Once used to make actual marshmallows, the Marsh Mallow plant still has a variety of uses.
The marshmallow plant has edible leaves and roots that have a variety of medicinal uses. Contrary to the name, it does not need to grow in a marsh. This plant would be a great addition to an herb or wildflower garden. It grows to be around 5 feet tall.
- Sun: Full sun almost a requirement
- Soil: Almost any soil type. Moist but not waterlogged.
- Height: 5 feet
- Hardiness: Relatively hardy and moderately difficult to grow.
- Water use: Medium. Enjoys lots of water but can handle short dry periods.
- Where to plant: Outdoors. Takes up quite a bit of space when established. Makes a good wall, Place behind other plants.
- Can be used as a thickener in cooking much like corn starch. Obviously too much will just make your food the consistency of a marshmallow.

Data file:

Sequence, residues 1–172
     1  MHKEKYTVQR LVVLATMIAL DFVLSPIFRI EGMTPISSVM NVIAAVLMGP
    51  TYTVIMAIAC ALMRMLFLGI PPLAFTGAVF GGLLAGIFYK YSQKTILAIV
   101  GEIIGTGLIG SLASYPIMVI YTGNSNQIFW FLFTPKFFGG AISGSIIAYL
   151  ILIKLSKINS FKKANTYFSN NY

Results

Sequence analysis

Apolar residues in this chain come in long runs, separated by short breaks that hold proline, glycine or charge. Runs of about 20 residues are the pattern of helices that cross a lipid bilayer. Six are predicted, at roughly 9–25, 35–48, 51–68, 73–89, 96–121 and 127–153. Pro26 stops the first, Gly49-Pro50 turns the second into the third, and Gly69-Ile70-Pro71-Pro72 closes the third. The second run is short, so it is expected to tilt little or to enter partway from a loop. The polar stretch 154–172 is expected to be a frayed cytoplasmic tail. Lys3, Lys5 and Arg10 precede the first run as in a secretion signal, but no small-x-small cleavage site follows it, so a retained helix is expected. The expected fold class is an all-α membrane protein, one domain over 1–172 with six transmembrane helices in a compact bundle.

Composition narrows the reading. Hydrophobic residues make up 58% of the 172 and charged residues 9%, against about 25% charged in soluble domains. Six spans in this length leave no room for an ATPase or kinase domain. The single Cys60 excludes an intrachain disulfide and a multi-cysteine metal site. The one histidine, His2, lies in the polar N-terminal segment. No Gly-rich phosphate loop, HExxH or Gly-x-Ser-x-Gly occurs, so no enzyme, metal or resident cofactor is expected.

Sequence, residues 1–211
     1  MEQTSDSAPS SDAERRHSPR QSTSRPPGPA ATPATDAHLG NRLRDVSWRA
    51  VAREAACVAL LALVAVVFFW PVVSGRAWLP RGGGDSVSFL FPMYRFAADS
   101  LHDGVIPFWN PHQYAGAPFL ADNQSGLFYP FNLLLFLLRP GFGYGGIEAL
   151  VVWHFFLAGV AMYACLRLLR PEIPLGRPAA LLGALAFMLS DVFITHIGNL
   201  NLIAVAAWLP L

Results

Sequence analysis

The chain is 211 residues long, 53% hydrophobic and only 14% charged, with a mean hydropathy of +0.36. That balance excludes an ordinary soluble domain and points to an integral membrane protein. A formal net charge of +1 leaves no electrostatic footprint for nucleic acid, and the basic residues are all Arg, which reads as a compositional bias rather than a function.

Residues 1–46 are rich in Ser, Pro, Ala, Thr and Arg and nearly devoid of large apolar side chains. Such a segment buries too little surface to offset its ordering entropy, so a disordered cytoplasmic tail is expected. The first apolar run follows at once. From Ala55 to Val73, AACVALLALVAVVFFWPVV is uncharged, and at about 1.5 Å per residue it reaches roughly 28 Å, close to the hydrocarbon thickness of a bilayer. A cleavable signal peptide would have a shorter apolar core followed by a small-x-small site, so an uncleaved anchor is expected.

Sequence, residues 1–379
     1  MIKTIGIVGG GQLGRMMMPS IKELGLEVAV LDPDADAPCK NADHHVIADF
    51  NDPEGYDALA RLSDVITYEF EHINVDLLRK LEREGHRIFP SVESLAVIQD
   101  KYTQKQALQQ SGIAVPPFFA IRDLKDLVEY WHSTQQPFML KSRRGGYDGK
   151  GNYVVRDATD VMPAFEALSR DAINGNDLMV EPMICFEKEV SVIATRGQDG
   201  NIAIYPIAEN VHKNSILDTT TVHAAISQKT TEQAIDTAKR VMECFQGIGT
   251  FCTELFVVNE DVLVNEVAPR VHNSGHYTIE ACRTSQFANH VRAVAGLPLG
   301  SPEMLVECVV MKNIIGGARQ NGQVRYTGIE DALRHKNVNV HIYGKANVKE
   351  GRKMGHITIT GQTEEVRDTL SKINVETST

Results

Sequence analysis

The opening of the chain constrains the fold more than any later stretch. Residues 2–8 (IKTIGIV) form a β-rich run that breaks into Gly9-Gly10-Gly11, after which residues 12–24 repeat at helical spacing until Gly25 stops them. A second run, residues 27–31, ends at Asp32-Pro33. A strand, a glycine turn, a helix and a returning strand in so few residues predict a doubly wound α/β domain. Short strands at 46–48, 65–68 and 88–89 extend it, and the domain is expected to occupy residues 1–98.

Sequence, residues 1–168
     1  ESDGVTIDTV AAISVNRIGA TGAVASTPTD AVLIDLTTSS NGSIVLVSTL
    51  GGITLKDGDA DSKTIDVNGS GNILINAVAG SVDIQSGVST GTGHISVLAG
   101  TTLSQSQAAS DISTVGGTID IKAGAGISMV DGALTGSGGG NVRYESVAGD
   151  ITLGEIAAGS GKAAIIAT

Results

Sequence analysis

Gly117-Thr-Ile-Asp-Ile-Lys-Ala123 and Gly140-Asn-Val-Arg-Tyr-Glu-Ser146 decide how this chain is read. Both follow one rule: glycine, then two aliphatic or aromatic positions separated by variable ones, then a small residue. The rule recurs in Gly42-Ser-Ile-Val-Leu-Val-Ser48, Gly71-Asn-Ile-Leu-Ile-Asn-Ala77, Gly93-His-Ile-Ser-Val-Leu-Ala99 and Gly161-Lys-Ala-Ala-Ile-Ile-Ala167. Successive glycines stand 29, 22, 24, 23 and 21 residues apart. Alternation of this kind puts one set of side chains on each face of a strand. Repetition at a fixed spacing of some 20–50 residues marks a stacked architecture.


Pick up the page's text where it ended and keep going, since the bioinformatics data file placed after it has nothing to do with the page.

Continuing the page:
- Can also be used for the flavor (probably a much different flavor than the high fructose corn syrup marshmallows we get now days)
- Used to treat an inflamed digestive system by forming a protective lining inside the digestive tract.
- Leaves can be applied to reduce infection.
- Treat ulcers
- Helps cure Urinary Tract Infections or stones in the urinary tract.
- May help respiratory problems (coughing).
- Can be ground up and applied to insect bites, wounds and burns.
Not known to be toxic to humans or animals.
Propagates via seeds. Seed germination can be tricky.